In the movie business, it's known as "redux," kids on the playground call it a "do over," and the game industry, when a title is merely a remake of the original with cosmetic differences, simply refers to it as "Part II." Disciples II: Dark Prophecy is no different, with action nearly a carbon copy of the original, but with a glossy sheen of fresh art. Luckily for Strategy First, the concept of Disciples: Sacred Lands holds up well and the new look is a welcome upgrade.
You assume the role of hero for one of four races, destined to lead your people through the aftermath of The Great Wars. This conflict, featured in the original title, pitted the good human Empire and Mountain Dwarves against the combined forces of the evil Undead Hordes and Legion of the Damned in an apocalyptic battle. Now, ten years later, the four races have new goals and new forces.
Fans of the first game will instantly recognize the established gameplay, styled after the thriving Heroes of Might and Magic franchise. You must successfully build castle facilities to raise an army, explore lands for treasure, and take over resources to improve conquered cities. Ultimately, each of the four sagas, one for each race, has a set of objectives that drives the story to its conclusion. It's a comfortable fit that is intuitive from the start.
Disciples II: Dark Prophecy continually draws on its predecessor in nearly every department. The spells a hero can cast are nearly identical in name and effects to the original. Capturing resources still requires planting a magical rod in the ground to claim the surrounding area. The hero archetypes (fighter, caster, ranger, rogue, and rod planter) are exactly the same as before, making the sequel, for all intents and purposes, no more than a remake of Disciples in mind and spirit.
Why, then, does Disciples II: Dark Prophecy deserve a second look? First and foremost are the stunningly attractive graphics. While the original game was a 2D hand-drawn affair, the lands and inhabitants of Neverender are newly rendered in 3D polygons with an unusually high attention to detail. Spell effects are celebrations of particle effects, and each minion is unique in artistic style and animation, urging you to play through to higher levels just to see the next higher level of units.
Sounds have been revamped to keep pace with the graphic improvements. Ambient sounds like majestically rolling thunder, wolves howling in the distance, and even the lazy croaking of unseen frogs are relaxing and unobtrusive. The music also matches the mood of the game nicely. Battle effects more than adequately replace the woefully unimpressive sounds of war in the original.
A few modest changes include heroes who can now carry five items on their person to assist in the quest at hand, rather than a paltry two; each race has a few new units for support, but not nearly enough. Another minor change, such as being able to block in battle to reduce damage, is an improvement that should have been included originally, rather than being touted as an exciting new feature.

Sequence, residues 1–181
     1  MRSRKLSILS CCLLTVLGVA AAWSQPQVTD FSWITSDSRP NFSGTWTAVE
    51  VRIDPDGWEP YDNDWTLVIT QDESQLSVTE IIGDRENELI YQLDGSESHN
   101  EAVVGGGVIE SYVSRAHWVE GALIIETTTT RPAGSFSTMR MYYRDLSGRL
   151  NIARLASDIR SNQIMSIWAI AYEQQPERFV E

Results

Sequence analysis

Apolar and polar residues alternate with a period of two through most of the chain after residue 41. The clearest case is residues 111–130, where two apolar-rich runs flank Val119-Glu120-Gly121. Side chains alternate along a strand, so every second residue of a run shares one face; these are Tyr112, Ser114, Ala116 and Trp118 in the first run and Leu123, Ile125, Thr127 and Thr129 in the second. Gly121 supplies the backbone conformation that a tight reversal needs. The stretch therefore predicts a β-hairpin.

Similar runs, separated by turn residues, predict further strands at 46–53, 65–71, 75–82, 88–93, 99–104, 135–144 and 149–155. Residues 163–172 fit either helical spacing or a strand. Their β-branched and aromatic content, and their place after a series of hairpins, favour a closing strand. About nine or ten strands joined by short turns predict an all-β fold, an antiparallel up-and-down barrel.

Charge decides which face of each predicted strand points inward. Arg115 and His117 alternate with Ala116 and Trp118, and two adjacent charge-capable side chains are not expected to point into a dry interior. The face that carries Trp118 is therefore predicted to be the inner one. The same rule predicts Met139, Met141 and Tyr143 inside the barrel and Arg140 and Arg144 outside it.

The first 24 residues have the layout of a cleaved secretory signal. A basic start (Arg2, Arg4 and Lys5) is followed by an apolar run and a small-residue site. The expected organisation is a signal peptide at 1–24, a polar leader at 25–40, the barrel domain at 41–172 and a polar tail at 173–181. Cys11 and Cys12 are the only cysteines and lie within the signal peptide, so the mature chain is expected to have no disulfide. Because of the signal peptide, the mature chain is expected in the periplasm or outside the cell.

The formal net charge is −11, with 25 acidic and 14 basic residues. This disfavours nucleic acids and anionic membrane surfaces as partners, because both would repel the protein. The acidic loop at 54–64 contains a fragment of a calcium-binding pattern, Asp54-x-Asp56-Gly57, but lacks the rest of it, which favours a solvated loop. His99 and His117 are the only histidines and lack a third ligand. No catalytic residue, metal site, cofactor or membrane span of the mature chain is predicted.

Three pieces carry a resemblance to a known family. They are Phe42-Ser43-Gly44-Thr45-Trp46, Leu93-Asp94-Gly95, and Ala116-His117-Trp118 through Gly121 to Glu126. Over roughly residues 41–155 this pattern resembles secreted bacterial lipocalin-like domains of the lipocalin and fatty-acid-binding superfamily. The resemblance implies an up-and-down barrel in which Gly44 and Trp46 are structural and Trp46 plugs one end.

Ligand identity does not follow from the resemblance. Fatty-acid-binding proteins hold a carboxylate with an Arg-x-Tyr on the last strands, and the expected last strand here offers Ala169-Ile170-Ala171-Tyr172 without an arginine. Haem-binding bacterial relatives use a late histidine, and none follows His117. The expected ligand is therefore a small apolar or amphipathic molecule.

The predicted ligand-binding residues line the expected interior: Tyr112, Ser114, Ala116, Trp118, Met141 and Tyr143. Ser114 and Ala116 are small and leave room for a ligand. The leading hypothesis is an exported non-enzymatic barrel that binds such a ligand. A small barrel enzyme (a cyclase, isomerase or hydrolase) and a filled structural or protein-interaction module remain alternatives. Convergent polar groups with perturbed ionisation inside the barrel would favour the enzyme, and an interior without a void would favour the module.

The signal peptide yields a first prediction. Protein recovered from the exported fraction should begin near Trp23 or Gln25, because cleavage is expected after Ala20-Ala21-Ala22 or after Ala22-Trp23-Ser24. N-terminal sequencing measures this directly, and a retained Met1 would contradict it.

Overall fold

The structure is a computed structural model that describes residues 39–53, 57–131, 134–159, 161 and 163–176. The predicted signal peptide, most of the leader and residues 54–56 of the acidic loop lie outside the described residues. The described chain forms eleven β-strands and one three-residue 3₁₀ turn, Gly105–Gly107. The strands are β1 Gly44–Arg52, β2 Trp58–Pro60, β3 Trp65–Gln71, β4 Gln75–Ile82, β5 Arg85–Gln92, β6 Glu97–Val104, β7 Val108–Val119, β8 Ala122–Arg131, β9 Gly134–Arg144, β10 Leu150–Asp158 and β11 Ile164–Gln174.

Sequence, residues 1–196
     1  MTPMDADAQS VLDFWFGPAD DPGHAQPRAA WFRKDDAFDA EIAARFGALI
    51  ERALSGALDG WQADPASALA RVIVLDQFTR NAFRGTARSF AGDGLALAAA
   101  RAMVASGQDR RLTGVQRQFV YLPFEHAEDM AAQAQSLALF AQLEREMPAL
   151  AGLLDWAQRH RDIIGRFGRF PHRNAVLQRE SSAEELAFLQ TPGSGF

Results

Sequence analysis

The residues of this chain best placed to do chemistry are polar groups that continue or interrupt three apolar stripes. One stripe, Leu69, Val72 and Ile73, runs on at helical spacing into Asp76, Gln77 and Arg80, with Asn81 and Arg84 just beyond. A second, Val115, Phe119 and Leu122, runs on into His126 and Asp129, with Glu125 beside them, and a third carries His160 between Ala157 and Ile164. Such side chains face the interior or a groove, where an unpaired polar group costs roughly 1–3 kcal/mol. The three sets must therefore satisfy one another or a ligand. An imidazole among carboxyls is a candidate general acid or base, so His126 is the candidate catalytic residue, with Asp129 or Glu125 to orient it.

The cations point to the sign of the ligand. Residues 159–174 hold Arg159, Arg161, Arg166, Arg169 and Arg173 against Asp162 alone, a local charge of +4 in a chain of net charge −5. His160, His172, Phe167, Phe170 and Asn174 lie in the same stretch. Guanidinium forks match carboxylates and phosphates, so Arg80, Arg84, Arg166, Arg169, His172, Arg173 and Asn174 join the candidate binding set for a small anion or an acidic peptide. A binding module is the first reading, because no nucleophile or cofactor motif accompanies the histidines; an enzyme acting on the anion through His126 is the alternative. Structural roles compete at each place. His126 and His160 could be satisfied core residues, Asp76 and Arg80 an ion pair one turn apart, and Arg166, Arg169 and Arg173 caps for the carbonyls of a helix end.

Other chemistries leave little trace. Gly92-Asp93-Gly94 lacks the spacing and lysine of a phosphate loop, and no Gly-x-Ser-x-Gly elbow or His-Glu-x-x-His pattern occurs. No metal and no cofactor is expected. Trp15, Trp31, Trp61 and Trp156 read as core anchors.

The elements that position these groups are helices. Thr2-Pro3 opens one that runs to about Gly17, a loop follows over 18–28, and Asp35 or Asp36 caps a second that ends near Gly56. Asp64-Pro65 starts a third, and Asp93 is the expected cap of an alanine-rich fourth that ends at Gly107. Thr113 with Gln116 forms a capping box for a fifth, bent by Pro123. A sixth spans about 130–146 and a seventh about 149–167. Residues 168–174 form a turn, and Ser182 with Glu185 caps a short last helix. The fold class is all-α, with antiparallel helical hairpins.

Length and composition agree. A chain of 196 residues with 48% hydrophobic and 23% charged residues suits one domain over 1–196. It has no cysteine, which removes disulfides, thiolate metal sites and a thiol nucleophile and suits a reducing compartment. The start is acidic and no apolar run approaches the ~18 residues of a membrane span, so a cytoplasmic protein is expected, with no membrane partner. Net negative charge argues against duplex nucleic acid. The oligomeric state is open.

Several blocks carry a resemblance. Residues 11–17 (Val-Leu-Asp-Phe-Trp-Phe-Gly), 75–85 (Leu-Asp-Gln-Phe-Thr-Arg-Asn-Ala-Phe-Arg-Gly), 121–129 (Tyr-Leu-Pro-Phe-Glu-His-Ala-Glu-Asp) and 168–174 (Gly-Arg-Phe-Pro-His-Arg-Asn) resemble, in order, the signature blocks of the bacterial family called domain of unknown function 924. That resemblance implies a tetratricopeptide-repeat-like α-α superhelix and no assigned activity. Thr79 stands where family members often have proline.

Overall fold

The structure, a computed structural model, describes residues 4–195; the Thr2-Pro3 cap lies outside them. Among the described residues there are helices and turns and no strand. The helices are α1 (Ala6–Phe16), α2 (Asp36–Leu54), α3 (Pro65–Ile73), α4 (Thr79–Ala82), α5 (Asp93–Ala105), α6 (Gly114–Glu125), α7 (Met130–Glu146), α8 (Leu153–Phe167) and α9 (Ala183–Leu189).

Unfortunately, a sequel so similar to its forerunner is likely to incorporate the same faults. The frustrating defect of allowing only one hero to be carried across levels is still a factor. Having a single seasoned hero, especially toward the later levels, means using only one group to sweep through the mission for the experience points. Why spread the limited points to multiple leaders who can't graduate to the next area? Also, the Heroes of Might and Magic style becomes tiresome for all but the biggest fans of the genre, even more so with the larger maps. Finally, in an effort to show off its new face-lift, Disciples II: Dark Prophecy manages to clutter its maps with an overdose of beautifully animated objects. Too much of a good thing mildly muddles gameplay, making planning which area to explore or attack that much more confusing.
In addition to the four sagas, the game offers Internet and LAN multiplayer options. Single-player missions continue with several additional stand-alone campaigns and an editor, which gives you control of building extra levels from the ground up. One interesting aspect of the editor is the ability to script neutral events that can shape the course of the mission. Shelf life extends considerably with this welcome tool.
For gamers who have faithfully stuck by Disciples: Sacred Lands in spite of the rudimentary graphics and sound, the sequel is a bittersweet validation of that support. It's the same game as before, now dressed to impress, and more familiar style than original content, which isn't necessarily bad for those who like this type of gameplay. Newcomers should skip the original and reap the benefits of the improved graphics and sound of the sequel.
Graphics: Nearly perfect rendering of a whole slew of creatures, spell effects, and terrain. An overly busy map is the only flaw to this visual gem.
Sound: Background sounds and music set the stage for the epic battles. Voice acting is especially good.
Enjoyment: The lackluster number of new creatures and features may discourage fans of the game. Still, the same strong foundation will appeal to the Heroes of Might and Magic crowd.
Replay Value: Each of the four sagas is extremely long and the extra quests are decent. Editor will tack on more playing time and the multiplayer option should provide the seasoned player with suitable opponents.
People who downloaded Disciples 2: Dark Prophecy have also downloaded:
Disciples: Sacred Lands: Gold Edition, Cultures 2: The Gates of Asgard, Cossacks II: Battle for Europe, Empire Earth II, Dune 2000, Corsairs: Conquest at Sea, Emperor: Battle for Dune, Europa Universalis: Crown of the North
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